JAKE BARNES

Spin to Win Rodeo - - Departments - By Jake Barnes with Ken­dra San­tos

While work­ing on this first is­sue of The Team Rop­ing Jour­nal in July, we were rop­ing over the long­est score­lines in the sport at the Cal­i­for­nia Rodeo in Sali­nas, which has a 35-foot score­line, and “The Daddy of ’em All” in Cheyenne, Wyo., where the score is set out there 30 feet. About the time this hits your hands in Septem­ber, all the guys gun­ning to make this year’s Wran­gler Na­tional Fi­nals Rodeo will be bat­tling it out on the grass at the Pendle­ton (Ore.) Round-Up. Recre­ational rop­ers might never face a 35-foot score­line or have to rope on a high school foot­ball field that’s a rodeo arena one week out of the year. But sooner or later we all rope un­der ex­treme con­di­tions of one kind or an­other—be it in knee-deep mud or un­der the stress that comes with high-stakes events, such as the World Se­ries of Team Rop­ing Fi­nale in Las Ve­gas or USTRC Fi­nals in Ok­la­homa City.

This is my 37th year out here fig­ur­ing out how to ex­e­cute suc­cess­fully, in­clud­ing un­der ad­verse or pres­sure-packed con- di­tions. The pucker fac­tor is real for all of us. Pre­tend that last one is for $150,000 in the prac­tice pen, be­cause it re­ally does get eas­ier with ex­pe­ri­ence. I felt like I was jump­ing off a cliff my rookie year, just like ev­ery­body else. There are fac­tors be­yond our con­trol, like the luck of the draw. What we all need to fo­cus on is the things that are in our power to con­trol.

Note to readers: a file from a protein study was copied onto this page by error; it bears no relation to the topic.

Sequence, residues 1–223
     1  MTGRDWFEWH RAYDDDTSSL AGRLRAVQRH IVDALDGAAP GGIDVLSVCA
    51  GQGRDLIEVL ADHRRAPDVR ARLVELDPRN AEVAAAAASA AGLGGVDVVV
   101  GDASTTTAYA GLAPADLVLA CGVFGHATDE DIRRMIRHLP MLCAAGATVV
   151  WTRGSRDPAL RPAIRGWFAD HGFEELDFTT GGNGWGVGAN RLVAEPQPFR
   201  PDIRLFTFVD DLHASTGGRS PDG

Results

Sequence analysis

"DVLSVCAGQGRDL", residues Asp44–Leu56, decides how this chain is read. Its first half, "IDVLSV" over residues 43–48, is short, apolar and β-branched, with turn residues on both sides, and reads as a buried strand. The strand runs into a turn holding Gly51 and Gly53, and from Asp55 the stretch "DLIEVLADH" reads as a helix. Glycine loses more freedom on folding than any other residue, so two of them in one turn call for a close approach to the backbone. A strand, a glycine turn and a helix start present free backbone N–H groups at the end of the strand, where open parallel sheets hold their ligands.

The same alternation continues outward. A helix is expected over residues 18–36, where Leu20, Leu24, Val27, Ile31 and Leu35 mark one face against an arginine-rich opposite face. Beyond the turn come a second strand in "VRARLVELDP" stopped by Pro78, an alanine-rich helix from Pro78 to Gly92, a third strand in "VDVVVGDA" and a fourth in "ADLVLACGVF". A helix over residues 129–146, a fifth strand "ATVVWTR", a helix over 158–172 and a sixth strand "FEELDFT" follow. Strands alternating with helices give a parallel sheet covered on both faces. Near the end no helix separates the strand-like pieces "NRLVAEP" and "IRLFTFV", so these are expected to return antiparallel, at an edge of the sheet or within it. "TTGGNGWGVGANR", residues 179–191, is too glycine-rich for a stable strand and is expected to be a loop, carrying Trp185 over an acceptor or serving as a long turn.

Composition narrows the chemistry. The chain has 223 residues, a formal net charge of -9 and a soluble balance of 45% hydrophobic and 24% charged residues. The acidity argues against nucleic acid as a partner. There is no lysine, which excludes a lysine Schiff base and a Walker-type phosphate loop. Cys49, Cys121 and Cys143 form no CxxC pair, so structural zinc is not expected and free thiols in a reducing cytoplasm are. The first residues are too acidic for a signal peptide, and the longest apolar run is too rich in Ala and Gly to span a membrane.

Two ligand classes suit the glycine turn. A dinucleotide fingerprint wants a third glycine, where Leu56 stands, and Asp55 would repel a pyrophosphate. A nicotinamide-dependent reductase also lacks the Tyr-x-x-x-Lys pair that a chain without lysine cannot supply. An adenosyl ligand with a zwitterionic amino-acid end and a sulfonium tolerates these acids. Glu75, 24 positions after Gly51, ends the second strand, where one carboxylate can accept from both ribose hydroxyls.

Find­ing a horse that suits your skill level, and also pick­ing a horse that fits the con­di­tions you’re go­ing to face is a re­ally good start as you work to­ward suc­cess. The World Se­ries and USTRC do a good job of con­trol­ling the con­di­tions for recre­ational rop­ers, so what most rop­ers need is a solid, re­li­able horse that will ba­si­cally just let you fo­cus on your rop­ing. He doesn’t have to be a big, fancy, high-pow­ered horse, like what you might see some of the big dogs rid­ing. In fact, get­ting a horse that’s ei­ther too green or too much is one of the most com­mon mis­takes recre­ation- al rop­ers make when horse shop­ping. The last thing you need when you back in there for $100,000 is a horse that’s bad in the box, wants to run through the bar­rier, or drop his shoul­der or cheat you in any way.

The op­por­tu­ni­ties to win big money rop­ing to­day are so great that you need a horse you can win on right now. An “old faith­ful” that won’t cost you and is pretty au­to­matic is the ticket when the big money’s up, be­cause he lets you fo­cus on your rop­ing. You also need to weigh a horse’s strengths and weak­nesses, and pri­or­i­tize what’s im­por­tant to you. A horse that can re­ally run might sound good at Sali­nas and Cheyenne, but if he won’t sit there and score, he’s worth­less.

Keep work­ing on your horse­man­ship. The bet­ter your horse­man­ship, the more op­tions you’ll have. You’ll also be able to get more out of what­ever horse you are rid­ing, as you keep search­ing for the next up­grade.

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